Delegation takes guts and oversight.
I had a few situations where delegation didn’t go quite as I hoped over the past few months. It gave me the opportunity to reflect on what I needed to do to improve my systems to get the best outcomes.
I hope these insights help you too.
As a child, I wasn’t a huge fan of spinach. But as an adult, it’s one of my staples. I love it and eat it almost every day.
In the last year, I’ve experimented with various ways to save time on grocery shopping including grocery delivery as well as grocery pick up. Overall, the experience has been good. But I have realized that there are a few things that you need to do if you’re going to delegate grocery shopping or really any task:
- Be very specific on what you want, including the quality of your produce. I had situations where I had to throw out whole containers of spinach because they were spoiled or yellow. I would think that selecting edible produce is self explanatory, but apparently it’s not. Designating my expectations seems to have improved the results.
- Check your order for quality. After some poor spinach experiences, I realized that I needed to check my produce quality right away and ask for something else if it wasn’t satisfactory. Or if I did a pick up, go in and get the produce items myself after receiving the rest of my pre-ordered items.
- Check your order for correctness. It doesn’t happen often. But I have had times where items were missing from my grocery order. I’ve had to ask for them to either refund my money or get the item to me. It can feel a little awkward to have these kind of conversations. But if the point of getting help is to save you time, it doesn’t make sense to do lots of extra trips to the grocery store.
Bottom Line: To avoid frustration, you can delegate but you can’t abdicate responsibility for outcomes. You still need to do quality checks. This is true of all kinds of delegation. No one is perfect and you need to take responsibility to review.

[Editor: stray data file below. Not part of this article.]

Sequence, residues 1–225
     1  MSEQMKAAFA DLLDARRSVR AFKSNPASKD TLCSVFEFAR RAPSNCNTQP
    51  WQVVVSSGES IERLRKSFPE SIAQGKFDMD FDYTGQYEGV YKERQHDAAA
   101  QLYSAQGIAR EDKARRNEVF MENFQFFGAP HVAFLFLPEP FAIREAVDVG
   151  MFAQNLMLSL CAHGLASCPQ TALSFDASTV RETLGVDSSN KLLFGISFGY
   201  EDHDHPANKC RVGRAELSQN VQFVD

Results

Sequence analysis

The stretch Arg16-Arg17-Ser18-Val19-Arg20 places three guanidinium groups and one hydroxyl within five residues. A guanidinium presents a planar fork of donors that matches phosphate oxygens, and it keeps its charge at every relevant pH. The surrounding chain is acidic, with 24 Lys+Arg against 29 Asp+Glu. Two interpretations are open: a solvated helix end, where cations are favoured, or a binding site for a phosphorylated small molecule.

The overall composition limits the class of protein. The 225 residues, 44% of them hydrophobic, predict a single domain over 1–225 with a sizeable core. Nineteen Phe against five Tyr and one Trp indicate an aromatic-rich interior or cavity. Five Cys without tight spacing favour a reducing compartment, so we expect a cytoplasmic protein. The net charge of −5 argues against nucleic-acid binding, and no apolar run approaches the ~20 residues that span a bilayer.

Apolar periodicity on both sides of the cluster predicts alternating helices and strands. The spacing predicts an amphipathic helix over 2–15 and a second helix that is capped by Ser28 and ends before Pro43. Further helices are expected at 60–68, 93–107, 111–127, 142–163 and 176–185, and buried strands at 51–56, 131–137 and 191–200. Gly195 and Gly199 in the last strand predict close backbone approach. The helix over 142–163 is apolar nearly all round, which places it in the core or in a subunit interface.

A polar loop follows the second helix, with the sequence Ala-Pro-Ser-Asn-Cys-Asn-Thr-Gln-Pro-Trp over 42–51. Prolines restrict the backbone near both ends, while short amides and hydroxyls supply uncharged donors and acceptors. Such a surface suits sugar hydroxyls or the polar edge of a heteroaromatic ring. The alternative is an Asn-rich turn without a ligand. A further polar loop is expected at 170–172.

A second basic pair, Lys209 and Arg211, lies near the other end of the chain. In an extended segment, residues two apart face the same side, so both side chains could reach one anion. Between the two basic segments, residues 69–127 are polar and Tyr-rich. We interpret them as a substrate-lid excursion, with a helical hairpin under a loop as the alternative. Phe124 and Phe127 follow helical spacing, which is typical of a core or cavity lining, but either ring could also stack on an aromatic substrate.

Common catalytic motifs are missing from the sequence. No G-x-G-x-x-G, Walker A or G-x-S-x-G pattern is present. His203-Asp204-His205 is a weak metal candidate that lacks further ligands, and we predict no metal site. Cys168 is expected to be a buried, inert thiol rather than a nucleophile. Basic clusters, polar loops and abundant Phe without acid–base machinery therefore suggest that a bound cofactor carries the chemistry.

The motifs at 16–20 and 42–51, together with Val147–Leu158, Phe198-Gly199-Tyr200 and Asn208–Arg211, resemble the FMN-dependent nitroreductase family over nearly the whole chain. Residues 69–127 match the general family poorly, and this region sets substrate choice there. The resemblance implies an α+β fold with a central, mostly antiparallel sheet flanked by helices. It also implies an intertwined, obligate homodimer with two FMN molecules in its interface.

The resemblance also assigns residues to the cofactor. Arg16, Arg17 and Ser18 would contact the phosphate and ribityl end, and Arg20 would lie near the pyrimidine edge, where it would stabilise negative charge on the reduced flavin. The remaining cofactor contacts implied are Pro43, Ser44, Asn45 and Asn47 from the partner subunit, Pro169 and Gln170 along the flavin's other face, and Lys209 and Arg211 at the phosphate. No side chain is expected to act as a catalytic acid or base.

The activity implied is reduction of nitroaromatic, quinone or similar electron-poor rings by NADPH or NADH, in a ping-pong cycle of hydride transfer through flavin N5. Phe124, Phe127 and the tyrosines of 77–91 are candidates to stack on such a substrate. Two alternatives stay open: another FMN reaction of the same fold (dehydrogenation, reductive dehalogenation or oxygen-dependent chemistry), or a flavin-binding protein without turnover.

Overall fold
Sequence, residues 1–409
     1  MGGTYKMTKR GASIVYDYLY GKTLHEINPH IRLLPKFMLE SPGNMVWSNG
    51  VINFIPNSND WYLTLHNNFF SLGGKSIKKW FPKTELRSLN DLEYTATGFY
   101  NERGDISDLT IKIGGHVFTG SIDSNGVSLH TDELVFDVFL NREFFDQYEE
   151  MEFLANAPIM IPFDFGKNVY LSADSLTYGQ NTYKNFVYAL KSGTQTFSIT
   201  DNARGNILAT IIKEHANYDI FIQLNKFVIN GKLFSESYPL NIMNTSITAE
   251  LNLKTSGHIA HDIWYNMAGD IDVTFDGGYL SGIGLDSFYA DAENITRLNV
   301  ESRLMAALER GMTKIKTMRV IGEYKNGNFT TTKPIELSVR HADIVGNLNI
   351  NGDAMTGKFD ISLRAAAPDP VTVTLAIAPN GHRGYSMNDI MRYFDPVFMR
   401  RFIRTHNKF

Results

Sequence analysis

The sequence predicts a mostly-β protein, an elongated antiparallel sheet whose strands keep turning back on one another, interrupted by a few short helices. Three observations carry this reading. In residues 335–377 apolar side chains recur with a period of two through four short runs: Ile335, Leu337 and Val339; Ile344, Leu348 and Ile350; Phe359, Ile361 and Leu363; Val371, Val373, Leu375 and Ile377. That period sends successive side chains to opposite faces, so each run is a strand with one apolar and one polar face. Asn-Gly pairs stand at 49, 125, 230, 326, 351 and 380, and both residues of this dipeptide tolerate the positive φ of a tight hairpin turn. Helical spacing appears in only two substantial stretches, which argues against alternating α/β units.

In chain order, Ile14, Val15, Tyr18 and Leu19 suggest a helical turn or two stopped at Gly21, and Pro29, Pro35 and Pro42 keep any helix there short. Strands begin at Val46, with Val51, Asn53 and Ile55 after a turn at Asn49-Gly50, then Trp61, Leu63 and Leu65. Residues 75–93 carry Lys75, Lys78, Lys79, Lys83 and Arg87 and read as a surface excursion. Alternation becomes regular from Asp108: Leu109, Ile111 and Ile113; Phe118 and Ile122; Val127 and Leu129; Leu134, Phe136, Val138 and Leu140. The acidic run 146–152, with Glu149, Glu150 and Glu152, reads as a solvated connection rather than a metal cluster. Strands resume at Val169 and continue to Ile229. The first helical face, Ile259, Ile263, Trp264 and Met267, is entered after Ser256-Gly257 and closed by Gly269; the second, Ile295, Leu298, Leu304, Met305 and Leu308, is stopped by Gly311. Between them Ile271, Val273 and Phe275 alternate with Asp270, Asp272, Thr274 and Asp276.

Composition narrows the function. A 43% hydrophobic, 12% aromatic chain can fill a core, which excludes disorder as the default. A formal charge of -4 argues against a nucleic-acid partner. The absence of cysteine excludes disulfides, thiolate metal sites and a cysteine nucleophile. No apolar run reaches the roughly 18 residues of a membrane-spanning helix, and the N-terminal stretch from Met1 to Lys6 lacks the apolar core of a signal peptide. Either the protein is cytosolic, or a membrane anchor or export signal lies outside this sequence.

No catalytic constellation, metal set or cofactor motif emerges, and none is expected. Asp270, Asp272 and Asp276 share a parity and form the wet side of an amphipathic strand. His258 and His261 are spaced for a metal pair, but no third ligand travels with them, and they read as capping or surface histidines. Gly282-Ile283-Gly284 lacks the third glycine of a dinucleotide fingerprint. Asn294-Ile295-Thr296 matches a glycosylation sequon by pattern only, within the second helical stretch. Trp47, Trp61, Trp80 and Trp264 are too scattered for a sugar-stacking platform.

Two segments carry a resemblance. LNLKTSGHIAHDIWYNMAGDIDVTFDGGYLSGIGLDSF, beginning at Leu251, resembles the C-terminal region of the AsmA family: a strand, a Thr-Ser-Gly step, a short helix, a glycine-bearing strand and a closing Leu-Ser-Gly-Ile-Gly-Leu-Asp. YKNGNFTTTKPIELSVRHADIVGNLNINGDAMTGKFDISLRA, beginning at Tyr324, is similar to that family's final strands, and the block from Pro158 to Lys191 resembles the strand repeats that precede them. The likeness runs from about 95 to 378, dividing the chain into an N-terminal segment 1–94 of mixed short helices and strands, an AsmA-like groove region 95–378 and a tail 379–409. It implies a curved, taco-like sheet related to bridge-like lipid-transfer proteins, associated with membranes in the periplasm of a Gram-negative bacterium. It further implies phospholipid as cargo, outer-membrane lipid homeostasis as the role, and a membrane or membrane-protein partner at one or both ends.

Another area where I realized that I needed to up-level my systems was in the area of car maintenance. Unfortunately my most recent set of tires wore out long before they should due to lack of proper rotation.
This hasn’t been an issue in the past for me so I took some time to think through where my systems had failed.
What I realized happened was that where I used to live, I took my car to a place that had a very systematic approach when you went in for an oil change, including every time asking if you wanted your tires rotated.
When I moved, I started to go to a new car place. They’re honest, good people. But not as systematic. They weren’t asking me each time if I wanted to get my tires rotated, and I didn’t think of it so it just didn’t get done.
Bottom Line: It’s nice when other people have the systems in place. But when those people change, the systems may need to change too. I now keep a note in my own calendar to remind me to get my tires rotated.
Here’s to delegating where we can and at the same time managing our lives and work in a thoughtful way.
About Real Life E
Elizabeth Grace Saunders is the founder and CEO of Real Life E® a time coaching company that empowers individuals who feel guilty, overwhelmed and frustrated to feel peaceful, confident and accomplished. She was named one of the World’s Top 30 Time Management Professionals. The Christian division of her company focuses on a God-centered approach to time management through Divine Time Management.
McGraw Hill published her first book The 3 Secrets to Effective Time Investment: How to Achieve More Success with Less Stress. Harvard Business Review published her second book How to Invest Your Time Like Money. FaithWords published her third book Divine Time Management: The Joy of Trusting in God’s Loving Plans for You. Elizabeth contributes to blogs like Harvard Business Review, Forbes, and Fast Company and has appeared on CBS, ABC, NBC, and Fox.